When I first found out I had a placement at AstraZeneca (AZ), I thought I had a pretty good idea of what my days would be – hours and hours working in the lab, writing up experiments and poring over graphs. Maybe, I thought, I can improve my communication skills by presenting data to my team. But even with the unexpected shakeup of lockdown and coronavirus, I didn’t realise just how oversimplified my idea of a lab-based placement was.
I am a fan of lab work, but anyone who knows me well can tell you that one of my favourite pastimes is admin. I have no shame in admitting that I’m the person who finds joy in organising an inbox, or drawing up spreadsheets to track a team’s progress through a big task. It’s a strange hobby, but it’s satisfying, and so when I saw adverts to recruit a new AZ early talent committee, I could hardly not apply for the role of secretary. I had no professional secretarial experience, but it sounded so me!
Working with poo turned out to be exactly the summer experience I wanted!
I worked at the national Cryptosporidium Reference Unit (CRU) at Public Health Wales in Swansea with Professor Rachel Chalmers and her team. I received a Scholarship from the Society for Applied Microbiology (SfAM) for this placement, writing the application together with Rachel.
Cryptosporidium is a parasite that causes diarrhoea, is found globally
and is typically passed from animals, other people, food and fresh water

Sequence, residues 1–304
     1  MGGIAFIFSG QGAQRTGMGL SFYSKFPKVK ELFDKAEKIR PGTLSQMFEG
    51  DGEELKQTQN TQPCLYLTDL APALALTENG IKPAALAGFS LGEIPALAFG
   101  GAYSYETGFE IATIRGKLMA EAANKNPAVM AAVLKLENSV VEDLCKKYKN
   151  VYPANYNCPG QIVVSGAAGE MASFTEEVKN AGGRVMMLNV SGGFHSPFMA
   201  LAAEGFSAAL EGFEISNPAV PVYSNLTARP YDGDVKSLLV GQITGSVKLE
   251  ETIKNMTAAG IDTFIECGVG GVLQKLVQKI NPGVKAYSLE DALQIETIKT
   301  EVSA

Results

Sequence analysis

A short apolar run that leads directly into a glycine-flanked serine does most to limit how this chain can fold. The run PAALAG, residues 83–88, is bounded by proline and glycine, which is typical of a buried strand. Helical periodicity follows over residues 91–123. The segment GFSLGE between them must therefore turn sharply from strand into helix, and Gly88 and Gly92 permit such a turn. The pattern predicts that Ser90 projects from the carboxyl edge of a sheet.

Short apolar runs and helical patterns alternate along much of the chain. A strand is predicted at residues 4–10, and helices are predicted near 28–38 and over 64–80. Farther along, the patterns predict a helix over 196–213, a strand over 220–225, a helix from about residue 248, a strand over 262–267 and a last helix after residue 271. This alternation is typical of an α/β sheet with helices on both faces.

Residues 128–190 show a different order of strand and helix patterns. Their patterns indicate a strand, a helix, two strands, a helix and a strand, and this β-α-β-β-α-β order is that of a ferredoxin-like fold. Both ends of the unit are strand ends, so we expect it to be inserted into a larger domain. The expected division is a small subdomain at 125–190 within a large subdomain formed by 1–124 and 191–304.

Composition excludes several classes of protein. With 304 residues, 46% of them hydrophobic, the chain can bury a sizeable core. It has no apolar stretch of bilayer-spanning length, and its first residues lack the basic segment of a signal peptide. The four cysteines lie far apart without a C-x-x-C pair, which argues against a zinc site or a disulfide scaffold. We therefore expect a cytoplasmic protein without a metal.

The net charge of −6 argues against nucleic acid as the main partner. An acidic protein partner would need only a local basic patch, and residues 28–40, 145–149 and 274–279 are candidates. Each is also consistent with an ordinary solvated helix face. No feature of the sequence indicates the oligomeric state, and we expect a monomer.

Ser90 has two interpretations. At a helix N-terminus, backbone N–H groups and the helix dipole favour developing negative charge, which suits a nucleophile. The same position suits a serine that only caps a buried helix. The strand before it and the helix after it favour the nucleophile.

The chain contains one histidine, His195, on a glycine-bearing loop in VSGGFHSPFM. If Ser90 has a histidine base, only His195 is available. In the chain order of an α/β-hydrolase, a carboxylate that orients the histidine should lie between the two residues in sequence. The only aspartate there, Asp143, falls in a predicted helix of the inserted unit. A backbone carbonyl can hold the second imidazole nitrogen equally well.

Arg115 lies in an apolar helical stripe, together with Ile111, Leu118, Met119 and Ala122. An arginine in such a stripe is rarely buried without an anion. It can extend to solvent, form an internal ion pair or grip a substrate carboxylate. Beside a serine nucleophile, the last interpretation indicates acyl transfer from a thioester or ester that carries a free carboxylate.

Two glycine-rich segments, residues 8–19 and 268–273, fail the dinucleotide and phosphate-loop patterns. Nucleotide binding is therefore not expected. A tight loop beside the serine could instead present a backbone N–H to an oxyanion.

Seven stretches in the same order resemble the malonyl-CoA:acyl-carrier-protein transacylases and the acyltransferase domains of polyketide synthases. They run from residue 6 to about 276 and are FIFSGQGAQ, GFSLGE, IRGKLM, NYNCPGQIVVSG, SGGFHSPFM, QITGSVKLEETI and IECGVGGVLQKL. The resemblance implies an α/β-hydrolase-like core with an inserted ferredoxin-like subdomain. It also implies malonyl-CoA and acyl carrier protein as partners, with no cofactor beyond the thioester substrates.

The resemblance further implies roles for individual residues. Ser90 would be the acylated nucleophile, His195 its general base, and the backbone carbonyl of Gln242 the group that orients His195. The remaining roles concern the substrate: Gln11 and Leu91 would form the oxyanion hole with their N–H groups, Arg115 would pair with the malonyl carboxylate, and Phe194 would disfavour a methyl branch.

sources. It is currently a human health issue due to the significant effect it
has in developing countries and the lack of specific treatments to fight the
parasite. Quite often how well you recover from the illness depends on how
healthy you were to begin with!
Going abroad may be a week’s holiday, or to some it’s going global or for longer, but have you ever thought about studying abroad as part of your Newcastle University degree? You could study abroad for a few weeks or up to an entire year, and it could change your perspective forever.
‘I can honestly say it was the best time of my life’– Eleanor (semester at Monash University, Melbourne)
John Cornilius was appointed as the School of Biomedical Sciences first ever Student Enterprise Ambassador earlier this year. Through a series of blog posts, his youtube channel and his LinkedIn profile, John aims to share reflections on his own enterprise journey. Follow along by clicking the #EntrepreneurshipDiary tag or the link in the sidebar.
Networking? or Nerve-wracking? Today’s video is a bit different, I need your help. How do you fully take advantage of networking opportunities to get the best out of them? I usually use the “Host mentality” method and ask a lot of “Whys”, “Hows” and “Wheres” rather than “Whats”.
Want to make yourself more employable? Well, we are here to help!
As employability ambassadors, we are keen to assist School of Biomedical Sciences students like you in their career development and to help prepare you for life after university. Whether you want advice on placements, work experience, mentoring or just need some guidance on how to structure your CV, please let us know.
Keep an eye on Blackboard community and your emails for our upcoming events!